Claire Oliver Gallery, New York
Lauren Fensterstock: Scrying
Claire Oliver is pleased to announce the gallery’s participation at the 2017 edition of VOLTA NY, with Scrying, a solo booth of new mixed media sculpture by Portland-based artist Lauren Fensterstock. The artist’s newest works combine chromed and rubberized shell work with mouth blown and cold worked glass, conceptually questioning the current “ selfie” obsession and a possible link between this and past social obsessions. To navigate the intrigues of 16th astrologer John Dee obtained a black obsidian mirror carved byAztecs from an early expedition to the New World. In a process called scryingDee used this black handheld device to divine the future. Dee’s mirror was seen as a magical contact point between present and future and the tangible and the metaphysical. Two centuries later in the nearby English countryside, aristocratic tourists utilized another form of black mirror — named the Claude Glass after its alleged inventor Claude Lorrain — to momentarily capture the reflections of idyllic garden scenes. In this case, the black glass served as the means to view the world like a composed painting, with the viewer as the main subject.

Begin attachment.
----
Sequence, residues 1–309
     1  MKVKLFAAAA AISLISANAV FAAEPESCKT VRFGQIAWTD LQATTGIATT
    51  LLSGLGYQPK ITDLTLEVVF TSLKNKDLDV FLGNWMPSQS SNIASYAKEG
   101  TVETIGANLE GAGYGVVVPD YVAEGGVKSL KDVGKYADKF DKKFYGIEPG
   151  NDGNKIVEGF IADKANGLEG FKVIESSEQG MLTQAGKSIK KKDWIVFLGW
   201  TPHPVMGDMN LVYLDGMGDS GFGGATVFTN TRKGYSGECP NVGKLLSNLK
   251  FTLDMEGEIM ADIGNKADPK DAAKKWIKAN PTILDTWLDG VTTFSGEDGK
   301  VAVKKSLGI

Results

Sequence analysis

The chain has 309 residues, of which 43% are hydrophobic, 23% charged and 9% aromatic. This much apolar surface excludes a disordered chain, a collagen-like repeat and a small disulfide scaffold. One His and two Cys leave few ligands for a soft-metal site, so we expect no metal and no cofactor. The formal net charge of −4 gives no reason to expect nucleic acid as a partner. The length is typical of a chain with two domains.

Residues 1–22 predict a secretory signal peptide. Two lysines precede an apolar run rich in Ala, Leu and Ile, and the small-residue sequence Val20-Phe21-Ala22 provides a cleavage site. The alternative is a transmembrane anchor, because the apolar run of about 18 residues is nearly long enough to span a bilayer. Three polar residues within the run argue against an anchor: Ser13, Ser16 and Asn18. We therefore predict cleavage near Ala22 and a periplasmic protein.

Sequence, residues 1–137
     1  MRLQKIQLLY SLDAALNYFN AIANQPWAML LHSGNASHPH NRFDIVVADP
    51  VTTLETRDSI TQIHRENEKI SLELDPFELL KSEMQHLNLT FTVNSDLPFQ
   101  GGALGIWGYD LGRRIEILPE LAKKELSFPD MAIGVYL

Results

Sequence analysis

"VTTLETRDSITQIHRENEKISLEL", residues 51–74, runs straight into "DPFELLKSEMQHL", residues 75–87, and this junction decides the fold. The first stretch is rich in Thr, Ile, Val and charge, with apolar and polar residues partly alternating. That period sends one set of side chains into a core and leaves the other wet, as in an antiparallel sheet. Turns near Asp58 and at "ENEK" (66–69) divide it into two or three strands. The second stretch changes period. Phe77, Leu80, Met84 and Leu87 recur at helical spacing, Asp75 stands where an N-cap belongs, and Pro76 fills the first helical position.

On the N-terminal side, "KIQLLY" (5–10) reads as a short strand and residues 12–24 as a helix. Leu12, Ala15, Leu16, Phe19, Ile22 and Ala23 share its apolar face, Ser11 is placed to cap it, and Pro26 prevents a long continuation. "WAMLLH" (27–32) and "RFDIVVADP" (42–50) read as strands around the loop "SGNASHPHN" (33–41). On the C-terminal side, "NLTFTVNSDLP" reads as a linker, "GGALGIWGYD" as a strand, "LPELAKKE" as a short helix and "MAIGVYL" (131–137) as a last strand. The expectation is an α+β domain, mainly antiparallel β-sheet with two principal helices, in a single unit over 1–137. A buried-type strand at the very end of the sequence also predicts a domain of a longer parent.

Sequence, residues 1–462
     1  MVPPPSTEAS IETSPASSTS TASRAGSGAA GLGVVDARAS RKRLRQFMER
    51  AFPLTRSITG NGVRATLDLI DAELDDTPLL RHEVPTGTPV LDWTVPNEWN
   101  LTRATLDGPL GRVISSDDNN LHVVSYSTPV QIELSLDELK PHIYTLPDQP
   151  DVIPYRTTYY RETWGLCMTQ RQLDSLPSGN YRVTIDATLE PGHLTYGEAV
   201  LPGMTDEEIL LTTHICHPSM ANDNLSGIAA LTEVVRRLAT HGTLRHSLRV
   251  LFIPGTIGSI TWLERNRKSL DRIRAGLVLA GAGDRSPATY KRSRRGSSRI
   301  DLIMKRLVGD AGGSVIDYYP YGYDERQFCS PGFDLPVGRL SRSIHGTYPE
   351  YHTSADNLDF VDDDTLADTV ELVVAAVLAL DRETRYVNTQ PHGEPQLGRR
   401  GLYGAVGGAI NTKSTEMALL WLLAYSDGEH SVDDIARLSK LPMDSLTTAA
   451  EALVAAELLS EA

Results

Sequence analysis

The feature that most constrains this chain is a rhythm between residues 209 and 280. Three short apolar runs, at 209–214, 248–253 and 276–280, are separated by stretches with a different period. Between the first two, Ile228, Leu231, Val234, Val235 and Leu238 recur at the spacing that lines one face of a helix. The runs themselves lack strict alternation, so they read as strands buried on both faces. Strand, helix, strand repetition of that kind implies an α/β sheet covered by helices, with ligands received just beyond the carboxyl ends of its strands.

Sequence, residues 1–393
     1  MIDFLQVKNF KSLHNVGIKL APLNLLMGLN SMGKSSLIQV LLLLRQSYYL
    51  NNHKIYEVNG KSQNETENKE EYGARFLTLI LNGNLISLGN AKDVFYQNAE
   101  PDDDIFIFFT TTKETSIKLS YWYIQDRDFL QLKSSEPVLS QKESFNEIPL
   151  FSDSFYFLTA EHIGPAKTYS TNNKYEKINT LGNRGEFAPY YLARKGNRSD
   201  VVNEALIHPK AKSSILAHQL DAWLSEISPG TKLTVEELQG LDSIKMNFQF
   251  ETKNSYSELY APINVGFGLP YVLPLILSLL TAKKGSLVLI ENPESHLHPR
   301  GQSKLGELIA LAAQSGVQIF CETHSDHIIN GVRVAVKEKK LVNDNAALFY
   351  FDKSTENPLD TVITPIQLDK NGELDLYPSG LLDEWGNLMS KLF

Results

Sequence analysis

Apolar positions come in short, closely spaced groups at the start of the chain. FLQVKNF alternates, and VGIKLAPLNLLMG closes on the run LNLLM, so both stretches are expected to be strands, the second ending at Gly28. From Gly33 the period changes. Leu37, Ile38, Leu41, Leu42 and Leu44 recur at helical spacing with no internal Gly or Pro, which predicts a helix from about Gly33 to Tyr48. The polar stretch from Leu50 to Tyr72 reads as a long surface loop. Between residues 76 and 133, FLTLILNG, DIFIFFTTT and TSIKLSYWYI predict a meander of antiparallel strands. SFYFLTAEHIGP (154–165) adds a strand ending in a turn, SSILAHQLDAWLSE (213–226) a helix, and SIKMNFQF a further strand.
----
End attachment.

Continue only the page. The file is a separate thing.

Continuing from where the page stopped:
By holding the glass in an outstretched hand, one could look at ones’self in the idyllic pastoral landscape behind; the world could be seen through a carefully curated lens, rather than the naked complexity of lived experience. InScrying, Lauren Fensterstock’s new body of work, the artist draws upon these diverse mirror histories to create a series of objects and installations that blend, upend, and poke fun at these precedents. Rendered entirely in black, Fensterstock’s work casts a shadow blurring the century court life, Elizabeth I’s logic of these seemingly distinct intellectual histories. The installation is comprised of a large cabinet on the west wall of the stand, housing a series of handheld black glass objects that, when held up as a mirror, reflect an unnaturally large human in relation to the world around him. A series of rubber, glass and chrome wall pieces reflect and refract with black mouthblown glass mirrors. Viewed through today’s lens of “ selfie culture”, we see man’s continued struggle to hold dominance over nature and the natural world. Ultimately, mirrors provide a space for the viewer’s own interpretation. Scrying will offer the visitor an opportunity to examine the cultural precedents that influence and shape our current worldviews; Fensterstock presents an opportunity to look out, beyond, and within.